Remnant 2 review – a war across worlds

Remnant 2 review – a war across worlds
Alex Raisbeck Updated on by

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Remnant: From the Ashes was something of a surprise hit upon its release in 2019, although in retrospect, it shouldn’t have been. Combining the methodical, challenging approach required of a Soulslike with fast-paced gunplay was always going to be a recipe for success. With Remnant 2, Gunfire Games have tinkered with the formula, improving on what the original did best, and to great effect.

Remnant 2 review: The player standing in Ward 13.

The game starts off with you and your companion searching for Ward 13, the base from the original game. Once you’re there, you’re introduced to the Ward’s inhabitants, as well as the World Stone, a giant glowing crystal which lets those that touch it enter different worlds. Two returning characters, Andrew ‘Founder’ Ford and Clementine disappear into the Stone before you heroically jump in after them.

This very much felt like just a pretence for the player to enter the World Stone themselves. And with the first two biomes having next to nothing to do with rescuing Ford and Clementine, there was no feeling that I was progressing towards anything in particular, rather just shooting a bunch of villagers for the sake of it. Luckily, this did take a turn in my story, and once the pieces began to fall into place, I began to feel far more invested.

Remnant 2 review: The player aiming their pistol at an enemy.

I say it took a turn in my story for a reason. Remnant 2 is unique in that it doesn’t have a set story, but multiple. Each playthrough will have a randomised story, where you visit different biomes with different quests, monsters, and bosses. You and a friend can play through the game simultaneously and not have a single thing in common. This adds a tremendous level of replayability, and if each storyline is as high quality as mine turned out to be, repeat playthroughs of this game will be a treat.

Many of the quests you find in each biome are not particularly long or complex but are interesting enough to really pull you in. You’ll visit many areas that have fallen prey to otherworldly powers, or places so alien that you can’t begin to understand them. Each character is splendidly voice-acted, and offers tidbits of lore, telling the story of each location. This truly gives every biome a life of its own and lends you a greater understanding of the inhabitants that you were so ruthlessly massacring five minutes ago.

Remnant 2 review: An expanse of floating stones with a flight of stairs leading to a large blue orb.

But even without these story elements, each of Remnant 2’s biomes would feel alive simply due to their stunning designs. The decrepit streets of Losomn choke you with unease, while the colossal, alien walls of the Labyrinth float alone in a vast, boundless expanse. Each area is a spectacle in its own right, and as someone who is typically indifferent to how games look, I was immediately taken by Remnant 2’s remarkable visuals.

Each area also has plenty of nooks and crannies to explore, boasting loot, mini-bosses, and secrets to uncover. Where in the original Remnant, you would farm materials for upgrades by smashing up anything and everything in a 10-foot radius, most of your loot now comes from chests, which are dotted around each level. This gives you an excellent reason to explore that area you might otherwise have ignored, as it might give you that extra bit of iron to upgrade your weapons.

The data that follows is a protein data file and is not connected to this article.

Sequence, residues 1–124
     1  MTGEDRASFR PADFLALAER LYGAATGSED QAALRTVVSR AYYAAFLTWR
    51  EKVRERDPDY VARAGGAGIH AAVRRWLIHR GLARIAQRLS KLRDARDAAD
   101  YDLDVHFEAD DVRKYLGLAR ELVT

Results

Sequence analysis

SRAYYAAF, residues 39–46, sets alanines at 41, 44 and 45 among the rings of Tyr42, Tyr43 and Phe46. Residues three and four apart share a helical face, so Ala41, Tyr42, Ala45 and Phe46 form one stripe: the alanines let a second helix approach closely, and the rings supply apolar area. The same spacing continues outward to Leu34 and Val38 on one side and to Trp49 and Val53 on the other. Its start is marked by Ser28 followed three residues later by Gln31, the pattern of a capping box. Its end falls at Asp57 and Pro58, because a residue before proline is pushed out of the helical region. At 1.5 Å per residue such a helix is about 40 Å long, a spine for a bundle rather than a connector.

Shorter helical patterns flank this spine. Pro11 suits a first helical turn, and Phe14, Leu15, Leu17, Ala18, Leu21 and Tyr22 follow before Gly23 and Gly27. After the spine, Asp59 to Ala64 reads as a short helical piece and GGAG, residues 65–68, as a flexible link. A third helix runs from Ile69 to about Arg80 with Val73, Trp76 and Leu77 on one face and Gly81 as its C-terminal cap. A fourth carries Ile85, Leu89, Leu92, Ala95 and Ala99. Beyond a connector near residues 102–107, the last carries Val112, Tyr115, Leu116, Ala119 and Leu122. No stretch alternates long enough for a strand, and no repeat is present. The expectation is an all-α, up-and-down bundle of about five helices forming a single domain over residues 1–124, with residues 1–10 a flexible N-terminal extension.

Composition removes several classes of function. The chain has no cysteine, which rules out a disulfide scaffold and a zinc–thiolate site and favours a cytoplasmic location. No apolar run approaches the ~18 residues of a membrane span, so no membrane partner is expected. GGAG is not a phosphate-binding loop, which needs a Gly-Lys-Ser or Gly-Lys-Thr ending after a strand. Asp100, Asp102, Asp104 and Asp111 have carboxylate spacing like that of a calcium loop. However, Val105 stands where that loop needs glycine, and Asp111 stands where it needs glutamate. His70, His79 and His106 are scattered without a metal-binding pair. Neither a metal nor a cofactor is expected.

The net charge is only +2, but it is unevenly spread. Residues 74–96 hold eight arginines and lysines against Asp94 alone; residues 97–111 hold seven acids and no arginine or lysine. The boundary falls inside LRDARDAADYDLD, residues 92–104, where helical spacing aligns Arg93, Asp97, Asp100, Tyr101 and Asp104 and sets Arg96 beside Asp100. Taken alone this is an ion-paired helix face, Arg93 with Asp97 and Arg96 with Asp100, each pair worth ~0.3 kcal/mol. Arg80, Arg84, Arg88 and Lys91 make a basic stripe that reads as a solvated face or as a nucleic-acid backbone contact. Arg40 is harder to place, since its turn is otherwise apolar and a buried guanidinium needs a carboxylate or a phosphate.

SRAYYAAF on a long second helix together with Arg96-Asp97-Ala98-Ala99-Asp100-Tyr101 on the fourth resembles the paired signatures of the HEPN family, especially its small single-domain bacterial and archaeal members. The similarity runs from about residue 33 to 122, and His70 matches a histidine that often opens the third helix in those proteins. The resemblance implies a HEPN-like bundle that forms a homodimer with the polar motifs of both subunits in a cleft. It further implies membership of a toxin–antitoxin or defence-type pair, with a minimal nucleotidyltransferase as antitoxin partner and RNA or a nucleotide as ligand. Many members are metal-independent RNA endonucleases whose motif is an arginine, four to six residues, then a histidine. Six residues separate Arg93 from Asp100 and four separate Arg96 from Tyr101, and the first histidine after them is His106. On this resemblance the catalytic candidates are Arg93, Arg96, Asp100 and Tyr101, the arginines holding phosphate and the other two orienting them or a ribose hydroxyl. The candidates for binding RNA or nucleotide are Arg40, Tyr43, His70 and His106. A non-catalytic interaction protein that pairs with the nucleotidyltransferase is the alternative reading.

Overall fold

Remnant 2 review: A large tower with an orb of light on top, with ringed structures above.

The game’s combat is largely similar to that of the original, but distinctly improved. While it is gun-based, much of the combat feels like that of a Souls game. Enemies have distinct attack patterns, which you can exploit with a timely dodge, the only difference being that you have a gun rather than a sword, though, naturally you can choose to simply pick off enemies from afar, like your typical shooter. As you progress through levels, you take on small groups of weaker enemies, with the odd elite every now and then posing a larger challenge. Eventually, you’ll come across some mini-bosses, as well as a world boss at the end of each biome. 

You must pick one of four classes (five once you unlock the Gunslinger) at the start of your game, each of which comes with its own set of skills and abilities called Archetypes. The Challenger is a close-range tank, while the Medic has healing abilities. These classes are very clearly geared towards cooperative play, with aggressive, DPS-focused classes and more auxiliary, support classes. The support classes are certainly viable in single-player, but do feel somewhat kneecapped by the lack of teammates.

Remnant 2 review: The Challenger class in the class selection screen.

Remnant 2’s combat is at its best when you play confidently. Pushing forward into enemies, and relying on your skill to take them down with quick headshots is satisfying. This is especially true when it comes to elite enemies and bosses. Dodging an attack only to turn around and blast them with your shotgun for maximum damage feels great. The combat is challenging, but the game invites you to meet that challenge head-on, making the payoff for succeeding all the sweeter.

The game is patently designed to be a multiplayer experience and can be taken on in groups of up to three. Alas, the path of a reviewer is a lonely one, so I was forced to take the game on by my lonesome. And while the game is certainly fun alone, there are times when you do feel the burden of not playing with others. With nobody else to attack, you are vulnerable to being overwhelmed by enemies. This, in turn, has the effect of making some weapons feel almost totally unviable in solo play.